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Take Five

Student Notes"High Five my musical friend!" Welcome to Lesson Number 5. This lesson is an important last step before learning to improvise a solo in Jazz. That's right! You are getting closer to becoming knowledgeable in the arts of Jazz music.

Remember way back in earlier lessons I told you that the most important things to know about a song were:

  • How to start a song?
  • How to end a song?

In the use of "Endings" and "Codas," it is important for you to locate these things (if any) before you begin playing a song. Visually scan through a song before you play it. It helps you to understand the form (flow) of the song and keeps you from becoming hopelessly lost during performance. It is a very gnawing feeling to become lost in a song, not knowing where you are. Use the tools you've learned in these last 4 lessons to help you avoid this trauma. When you begin your solo studies these tips will be paramount in the performance of a solo.


- Practice counting songs to train yourself to intuitively know (feel) the passing of 8 bars phrases (12 bars in a blues).

- Scan a song to learn it's form and remember that every song has some kind of form. If you get lost in the "Head" or in the "Bridge," find the next group coming up in the song and rejoin the performance at that point.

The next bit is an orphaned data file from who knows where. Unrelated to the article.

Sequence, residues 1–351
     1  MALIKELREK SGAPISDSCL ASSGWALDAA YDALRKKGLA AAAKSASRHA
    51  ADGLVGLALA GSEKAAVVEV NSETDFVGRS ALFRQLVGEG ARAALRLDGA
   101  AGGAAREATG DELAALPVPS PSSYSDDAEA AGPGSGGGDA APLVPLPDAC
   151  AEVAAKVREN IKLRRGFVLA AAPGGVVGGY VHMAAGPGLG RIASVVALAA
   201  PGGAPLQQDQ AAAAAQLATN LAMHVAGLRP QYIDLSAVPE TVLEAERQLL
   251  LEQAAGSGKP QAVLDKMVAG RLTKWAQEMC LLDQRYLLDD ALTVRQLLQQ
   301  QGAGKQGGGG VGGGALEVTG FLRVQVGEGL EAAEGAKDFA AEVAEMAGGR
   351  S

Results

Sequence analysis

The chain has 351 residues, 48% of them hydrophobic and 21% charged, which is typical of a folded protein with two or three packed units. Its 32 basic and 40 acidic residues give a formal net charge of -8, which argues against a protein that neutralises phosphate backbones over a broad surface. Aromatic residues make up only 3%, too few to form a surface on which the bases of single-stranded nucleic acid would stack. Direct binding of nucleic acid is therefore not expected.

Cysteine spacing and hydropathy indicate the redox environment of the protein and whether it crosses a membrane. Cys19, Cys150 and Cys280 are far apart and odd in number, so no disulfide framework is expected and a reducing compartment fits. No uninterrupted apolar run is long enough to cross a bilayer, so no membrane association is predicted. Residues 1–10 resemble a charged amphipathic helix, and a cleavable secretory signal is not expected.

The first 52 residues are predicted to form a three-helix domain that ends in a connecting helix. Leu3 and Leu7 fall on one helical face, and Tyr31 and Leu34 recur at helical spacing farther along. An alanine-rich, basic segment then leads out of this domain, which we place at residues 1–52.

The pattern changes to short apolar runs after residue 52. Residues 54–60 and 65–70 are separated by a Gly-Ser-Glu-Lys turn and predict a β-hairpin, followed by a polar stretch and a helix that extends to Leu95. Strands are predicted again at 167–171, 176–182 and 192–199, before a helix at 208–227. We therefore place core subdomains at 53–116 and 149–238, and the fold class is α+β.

- Sometimes your music is marked with "Horn Cues" or "Drum Cues." Listen to the horns or the drums and see if you can recognize any of these musical cues (shown on your music) being played. This will help you relocate your place in the music.

- Listen to the harmonies (chords) being played by other players. Are they playing "minor" sounding chords? Are they playing "major" sounding chords? Do these chords match with any of the chords you see in your music? This listening tip can assist you in finding your place by comparing what you hear with what you see written on your part (in your music).

- Are there any long rests? Some songs have long phrases of rest. The composer might use a group of rests to generate interest in a song. This group can be as long as the "Head" or the "Bridge."

12 Note Companion

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